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Hooper’s Law of Drug Development

Summary:
Moore's Law is optimistic and reflects the ability of humans to "chip" away at a problem, making sequential, cumulative advances. Much of technology fits this pattern. One glaring exception, tragically, is the drug development conducted by pharmaceutical companies. It is hugely expensive and has gotten more so each year. If costs continue to grow at 7.5 percent per year, real costs will more than double every 10 years. The pharmaceutical industry seems to be operating under a reverse-Moore's Law. I call it Hooper's Law. Here's the short version: Drug development costs double every decade. Why? Simple: the U.S. Food and Drug Administration is steadily increasing the cost per clinical trial participant and

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Moore's Law is optimistic and reflects the ability of humans to "chip" away at a problem, making sequential, cumulative advances. Much of technology fits this pattern. One glaring exception, tragically, is the drug development conducted by pharmaceutical companies. It is hugely expensive and has gotten more so each year. If costs continue to grow at 7.5 percent per year, real costs will more than double every 10 years. The pharmaceutical industry seems to be operating under a reverse-Moore's Law. I call it Hooper's Law. Here's the short version: Drug development costs double every decade. Why? Simple: the U.S. Food and Drug Administration is steadily increasing the cost per clinical trial participant and the number of required participants per clinical trial.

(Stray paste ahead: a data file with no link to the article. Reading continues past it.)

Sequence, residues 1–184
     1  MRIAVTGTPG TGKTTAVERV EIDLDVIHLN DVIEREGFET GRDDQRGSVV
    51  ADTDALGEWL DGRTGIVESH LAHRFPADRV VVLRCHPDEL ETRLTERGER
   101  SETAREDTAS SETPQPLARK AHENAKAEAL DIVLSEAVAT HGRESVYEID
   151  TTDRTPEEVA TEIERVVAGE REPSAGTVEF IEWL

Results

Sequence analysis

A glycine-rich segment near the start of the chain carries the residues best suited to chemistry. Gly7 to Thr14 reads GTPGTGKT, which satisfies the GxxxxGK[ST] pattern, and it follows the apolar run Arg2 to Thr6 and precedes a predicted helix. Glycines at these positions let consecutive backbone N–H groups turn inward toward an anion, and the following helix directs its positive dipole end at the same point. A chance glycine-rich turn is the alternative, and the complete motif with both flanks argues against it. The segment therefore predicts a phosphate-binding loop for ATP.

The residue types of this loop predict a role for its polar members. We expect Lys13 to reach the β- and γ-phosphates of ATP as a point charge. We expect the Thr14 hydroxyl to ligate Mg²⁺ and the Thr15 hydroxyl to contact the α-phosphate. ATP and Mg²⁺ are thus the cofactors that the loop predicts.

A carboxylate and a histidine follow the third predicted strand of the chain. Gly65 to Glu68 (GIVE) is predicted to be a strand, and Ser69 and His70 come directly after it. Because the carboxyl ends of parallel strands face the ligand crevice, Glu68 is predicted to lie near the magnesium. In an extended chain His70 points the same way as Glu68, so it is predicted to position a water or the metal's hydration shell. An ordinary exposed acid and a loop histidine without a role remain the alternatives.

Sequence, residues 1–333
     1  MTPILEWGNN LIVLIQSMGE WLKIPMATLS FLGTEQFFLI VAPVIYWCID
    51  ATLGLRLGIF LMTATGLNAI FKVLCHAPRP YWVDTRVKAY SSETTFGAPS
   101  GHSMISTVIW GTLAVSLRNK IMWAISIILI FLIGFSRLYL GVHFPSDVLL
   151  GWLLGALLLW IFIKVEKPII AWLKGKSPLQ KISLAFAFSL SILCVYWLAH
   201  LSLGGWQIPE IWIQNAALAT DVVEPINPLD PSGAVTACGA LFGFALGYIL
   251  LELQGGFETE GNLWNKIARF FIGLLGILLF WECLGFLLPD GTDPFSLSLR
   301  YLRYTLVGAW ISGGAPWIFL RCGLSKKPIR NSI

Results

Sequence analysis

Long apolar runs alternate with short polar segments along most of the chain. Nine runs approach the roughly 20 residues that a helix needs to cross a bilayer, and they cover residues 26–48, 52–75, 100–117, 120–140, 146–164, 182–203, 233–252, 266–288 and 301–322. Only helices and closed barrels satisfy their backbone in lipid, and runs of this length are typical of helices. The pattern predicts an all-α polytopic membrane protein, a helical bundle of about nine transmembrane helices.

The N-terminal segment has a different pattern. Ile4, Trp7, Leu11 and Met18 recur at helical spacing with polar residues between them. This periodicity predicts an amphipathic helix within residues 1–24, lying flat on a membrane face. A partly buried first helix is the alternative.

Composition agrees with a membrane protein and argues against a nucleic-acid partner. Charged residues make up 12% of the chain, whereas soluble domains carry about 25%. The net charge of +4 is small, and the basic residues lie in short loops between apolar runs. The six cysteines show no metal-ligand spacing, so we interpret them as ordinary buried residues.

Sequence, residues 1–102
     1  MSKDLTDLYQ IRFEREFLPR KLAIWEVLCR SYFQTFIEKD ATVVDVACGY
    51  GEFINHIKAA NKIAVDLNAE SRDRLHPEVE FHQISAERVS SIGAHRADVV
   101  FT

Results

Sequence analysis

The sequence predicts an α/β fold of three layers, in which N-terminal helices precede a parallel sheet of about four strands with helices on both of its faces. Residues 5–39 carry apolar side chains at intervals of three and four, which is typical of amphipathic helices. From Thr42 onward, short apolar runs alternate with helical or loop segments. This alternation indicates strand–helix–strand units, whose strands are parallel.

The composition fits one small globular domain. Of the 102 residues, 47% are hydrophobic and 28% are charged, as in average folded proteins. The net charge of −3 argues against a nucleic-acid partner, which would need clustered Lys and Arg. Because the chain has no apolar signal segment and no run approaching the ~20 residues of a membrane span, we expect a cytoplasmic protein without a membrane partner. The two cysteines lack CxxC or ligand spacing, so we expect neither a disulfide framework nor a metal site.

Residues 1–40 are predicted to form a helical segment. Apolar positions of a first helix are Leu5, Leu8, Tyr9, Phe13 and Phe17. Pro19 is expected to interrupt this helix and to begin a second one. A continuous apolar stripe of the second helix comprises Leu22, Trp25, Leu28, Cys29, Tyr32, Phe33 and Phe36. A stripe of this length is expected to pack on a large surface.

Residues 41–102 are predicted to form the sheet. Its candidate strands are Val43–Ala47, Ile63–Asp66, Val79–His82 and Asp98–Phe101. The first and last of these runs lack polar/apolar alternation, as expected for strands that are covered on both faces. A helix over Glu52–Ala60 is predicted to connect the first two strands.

This is from Charles L. Hooper, "Hooper's Law of Drug Development," one of the two Econlib Feature Articles for August.

In the piece, Charley explains why this has happened.



David Henderson

David Henderson is a British economist. He was the Head of the Economics and Statistics Department at the OECD in 1984–1992. Before that he worked as an academic economist in Britain, first at Oxford (Fellow of Lincoln College) and later at University College London (Professor of Economics, 1975–1983); as a British civil servant (first as an Economic Advisor in HM Treasury, and later as Chief Economist in the Ministry of Aviation); and as a staff member of the World Bank (1969–1975). In 1985 he gave the BBC Reith Lectures, which were published in the book Innocence and Design: The Influence of Economic Ideas on Policy (Blackwell, 1986).

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